This study investigated the intra- and interobserver reliability of assessment of the change in ST T cells, plasma cells, and macrophages quantified by DIA. Tissue samples were obtained from RA patients participating in a single-centre, placebo-controlled clinical trial with prednisolone. There were no significant differences in measurement of the mean change in T cells, plasma cells and macrophages between the three observers, or for different measurements by one observer. ICCs revealed good agreement between measurements. All observers and all measurements identified, on average, significant reductions in T cells and macrophages but not in plasma cells in the prednisolone group compared with placebo.
It can be anticipated that there will be an upsurge in randomized controlled trials investigating novel biological agents and small molecules in terms of their safety and efficacy. Thus, sensitive, validated and reliable measurements to screen for potential efficacy in an early phase of drug development are clearly needed. Clinical outcome measures have historically been used as primary end-points, but their reliability may be limited in small proof-of-principle studies. For clinical measurements such as the tender and swollen joint count, ICCs have been reported to vary between 0.15 and 0.85 for inter-rater variability and between 0.67 and 0.95 for intrarater variability [21
]. Radiographic measurements, with the use of conventional X-ray films, show good reliability in most studies but they are not useful in short-term clinical trials [21
]. The use of magnetic resonance images is promising, with acceptable inter-rater ICC for global synovitis scores and bone erosions, although optimal scoring systems are yet to be developed [22
In light of the need to screen various compounds for potential efficacy in small numbers of patients and because of recent technical developments, we believe that our thinking about clinical trials is about to change dramatically. Clinical studies conducted during early phases of drug development will increasingly consist of small trials with a high density of biological data [23
]. Consistent with this notion, serial ST analysis with evaluation of biomarkers was recently included in several randomized clinical trials of both disease-modifying anti-rheumatic drugs and biological agents [6
]. These and other studies showed consistent relationships between the magnitude of synovial changes and clinical response. In particular, the change in infiltrating sublining macrophages was identified to be a potent and sensitive synovial biomarker [6
ST can easily and safely be obtained as a result of the introduction of small-bore arthroscopes and the development of local and regional anaesthesia protocols. Despite heterogeneity in the ST within a single joint, it has been shown that representative measures of synovial inflammation can be obtained by examining a limited area of tissue [15
]. Previous work [10
] has also shown that DIA is a sensitive, time efficient method for quantifying both the number of stained cells and the staining intensity, with good correlations with both manual counting and semiquantative scoring.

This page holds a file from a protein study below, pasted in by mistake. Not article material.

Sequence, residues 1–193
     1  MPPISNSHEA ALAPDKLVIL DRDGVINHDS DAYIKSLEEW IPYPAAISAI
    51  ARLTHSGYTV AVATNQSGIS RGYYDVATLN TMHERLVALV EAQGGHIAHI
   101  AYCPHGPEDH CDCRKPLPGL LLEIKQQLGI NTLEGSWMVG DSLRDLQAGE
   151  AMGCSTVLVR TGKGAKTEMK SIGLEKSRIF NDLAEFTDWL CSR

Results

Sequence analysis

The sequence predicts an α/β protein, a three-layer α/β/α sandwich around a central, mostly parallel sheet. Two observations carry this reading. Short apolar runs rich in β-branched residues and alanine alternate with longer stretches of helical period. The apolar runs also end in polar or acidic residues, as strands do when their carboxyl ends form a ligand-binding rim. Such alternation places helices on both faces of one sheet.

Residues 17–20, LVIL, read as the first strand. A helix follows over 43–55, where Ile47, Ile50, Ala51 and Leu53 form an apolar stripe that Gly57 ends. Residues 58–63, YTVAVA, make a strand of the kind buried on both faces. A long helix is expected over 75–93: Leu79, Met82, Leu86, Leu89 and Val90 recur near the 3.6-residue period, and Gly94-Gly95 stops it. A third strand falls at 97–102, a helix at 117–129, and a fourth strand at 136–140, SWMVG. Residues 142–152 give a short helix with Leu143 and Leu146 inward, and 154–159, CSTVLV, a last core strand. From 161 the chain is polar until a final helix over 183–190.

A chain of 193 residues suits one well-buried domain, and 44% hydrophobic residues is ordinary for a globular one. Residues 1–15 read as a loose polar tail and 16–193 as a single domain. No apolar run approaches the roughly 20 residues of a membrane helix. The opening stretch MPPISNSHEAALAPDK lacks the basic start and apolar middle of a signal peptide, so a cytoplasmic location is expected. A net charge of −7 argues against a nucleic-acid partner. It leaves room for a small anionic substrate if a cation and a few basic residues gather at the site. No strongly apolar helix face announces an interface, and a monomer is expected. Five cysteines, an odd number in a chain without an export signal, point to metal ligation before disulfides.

Although DIA is described as reliable and objective, little is known about the variability and reliability of this tool. Variation in measurements may result from a limited number of factors with this approach. In our system the observer selects three different areas of each six high-power fields from one slide, which is composed of six biopsy samples from six different sites in the joint. This is done in such a way that a representative area is selected, and this requires extensive training and experience with the histopathological morphology of ST. After scanning the representative high-power fields, the images are analyzed by setting threshold values for the stained antigen, nuclear staining and background staining [10
]. These thresholds are kept constant for all measurements with the same marker within a study, but could theoretically give rise to variation when set by different observers or by one observer at different times. In the present study it was shown that these variables did not result in different outcomes. There were good ICCs when the findings of three experienced observers or the findings of the same observer at different times were compared. Analysis by Bland–Altman plots showed no systemic differences with regard to the intra-observer measurements, and the SDCs showed good discriminatory power when applied to the treatment groups. In addition, all observers and all measurements identified the same cell types (T cells and macrophages) as decreasing significantly in the active treatment group compared with placebo. All measurements also identified a consistent trend toward reduced plasma cell numbers after corticosteroid treatment, which did not reach statistical significance, possibly because of the relative small number of patients included. Although this method does exhibit good agreement in detecting changes in histological markers, this does not necessarily mean that these results can be extrapolated to the expression of a given marker at a given time point, as used in cross-sectional studies of ST. In addition, it remains to be seen whether the same reliability holds true for determination of changes in secreted proteins, such as cytokines and chemokines.